Brooks, Charles P., Hon.
The following data is extracted from Reminiscent History Of The Ozark Region, pub. Goodspeed Brothers, Publishers, Chicago 1894.
HON. CHARLES P. BROOKS. This well-known official is very favorably regarded all over Cleburne County, and fills the office of circuit clerk in an able and very acceptable manner. He was born in Murphy, Cherokee County, N. C., July 12, 1848, to Jesse B. and Nancy F. (Porter) Brooks, the former of whom was born in South Carolina and the latter in Tennessee. They were married in Claiborne County, of the last named State, and after residing there for a time moved to North Carolina. In 1868 the family located in Blount County, East Tennessee, and resided in that section for five years, then located at Ducktown Mines in Polk County, Tennessee, and afterward in Calhoun County, Ga. Prior to the war the father was engaged in the saddle, harness and mercantile business, but lost his property during the great struggle between the North and South, after which he turned his attention to farming and later opened a saddle and harness shop. During the war he served as commissary of the Thirty-ninth North Carolina Confederate Infantry for two years. He is now in his eighty-fourth year, is a member of the Methodist Episcopal church, and has for years been connected with the Masonic fraternity. Six children were born to himself and wife, two of whom are living, of whom the subject of this sketch is the younger. After the death of his first wife, Jesse B. Brooks took for his second wife Miss Frankie Billings, and by her had six children, all of whom are living. The subject of this sketch received his education in Mt. Pleasant Academy at Murphy, N. C., and afterward finished his education in Holston College, Blount, County, Tennessee Since he attained his eighteenth year he has made his own way in the world, and his education was paid for by teaching school in his native State, Texas and Arkansas, this occupation receiving his attention until 1881. In November, 1875, he took up his residence in Arkansas and has ever since been a resident of Cleburne County, where he has made many friends. In 1886 he was elected to the position of tax assessor, an office he held three terms and was then elected to his present position of circuit clerk. In 1878 he was united in marriage with Miss Lulu Hamby, of this county, daughter of Rev. J. T. Hamby, and to their union a family of four sons and three daughters have been given them. Mr. Brooks is an exponent of the People's party, and is a public-spirited and useful citizen and is deservedly popular with all classes. At the expiration of his present term of office he will have been in office eight consecutive years, having never suffered defeat either at the primaries or in the general elections.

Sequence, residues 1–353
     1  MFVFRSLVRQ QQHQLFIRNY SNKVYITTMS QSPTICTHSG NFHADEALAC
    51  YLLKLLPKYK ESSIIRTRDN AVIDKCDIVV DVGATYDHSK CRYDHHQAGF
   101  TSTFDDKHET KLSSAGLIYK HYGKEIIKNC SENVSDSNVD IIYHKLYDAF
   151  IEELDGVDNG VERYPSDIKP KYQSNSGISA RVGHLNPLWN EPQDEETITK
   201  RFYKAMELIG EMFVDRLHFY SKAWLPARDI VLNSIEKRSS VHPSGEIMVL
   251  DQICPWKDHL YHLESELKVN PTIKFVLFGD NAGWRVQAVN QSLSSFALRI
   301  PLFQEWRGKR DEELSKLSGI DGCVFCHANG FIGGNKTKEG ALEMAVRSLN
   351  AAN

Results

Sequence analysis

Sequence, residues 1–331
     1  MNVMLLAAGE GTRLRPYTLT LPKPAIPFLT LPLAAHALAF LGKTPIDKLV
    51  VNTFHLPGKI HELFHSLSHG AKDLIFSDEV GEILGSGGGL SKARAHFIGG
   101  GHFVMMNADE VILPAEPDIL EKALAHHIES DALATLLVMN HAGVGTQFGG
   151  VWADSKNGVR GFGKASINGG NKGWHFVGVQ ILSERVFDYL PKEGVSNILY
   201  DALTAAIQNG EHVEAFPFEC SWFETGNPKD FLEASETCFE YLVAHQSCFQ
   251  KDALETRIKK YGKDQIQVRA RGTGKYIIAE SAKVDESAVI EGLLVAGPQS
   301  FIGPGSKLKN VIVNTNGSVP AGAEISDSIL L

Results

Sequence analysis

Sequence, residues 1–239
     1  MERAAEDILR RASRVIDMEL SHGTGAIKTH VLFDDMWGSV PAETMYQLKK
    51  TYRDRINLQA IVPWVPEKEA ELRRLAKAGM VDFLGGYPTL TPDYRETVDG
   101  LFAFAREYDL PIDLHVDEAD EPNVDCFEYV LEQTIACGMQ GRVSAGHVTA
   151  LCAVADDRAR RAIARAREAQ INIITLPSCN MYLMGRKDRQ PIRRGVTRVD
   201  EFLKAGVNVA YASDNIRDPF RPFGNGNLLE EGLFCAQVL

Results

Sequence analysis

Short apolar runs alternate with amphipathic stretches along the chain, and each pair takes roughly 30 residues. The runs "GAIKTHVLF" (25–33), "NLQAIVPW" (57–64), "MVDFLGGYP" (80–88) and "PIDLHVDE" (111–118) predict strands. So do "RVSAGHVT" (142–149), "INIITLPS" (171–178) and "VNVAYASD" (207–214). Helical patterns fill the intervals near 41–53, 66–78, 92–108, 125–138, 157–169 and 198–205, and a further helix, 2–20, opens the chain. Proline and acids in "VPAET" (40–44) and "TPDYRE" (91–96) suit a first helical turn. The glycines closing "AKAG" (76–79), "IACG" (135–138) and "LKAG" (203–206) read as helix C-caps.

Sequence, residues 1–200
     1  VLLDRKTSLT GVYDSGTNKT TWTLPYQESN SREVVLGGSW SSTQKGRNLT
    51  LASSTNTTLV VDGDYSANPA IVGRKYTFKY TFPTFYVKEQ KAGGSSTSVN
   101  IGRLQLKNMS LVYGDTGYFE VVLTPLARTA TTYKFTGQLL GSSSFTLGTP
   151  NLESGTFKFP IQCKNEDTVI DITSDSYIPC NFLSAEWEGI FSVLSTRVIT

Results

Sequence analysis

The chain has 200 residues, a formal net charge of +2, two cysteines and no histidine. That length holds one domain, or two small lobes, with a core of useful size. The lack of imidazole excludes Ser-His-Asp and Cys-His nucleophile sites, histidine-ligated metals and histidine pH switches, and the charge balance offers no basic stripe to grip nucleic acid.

Source: Reminiscent History Of The Ozark Region, pub. Goodspeed Brothers, Publishers, Chicago 1894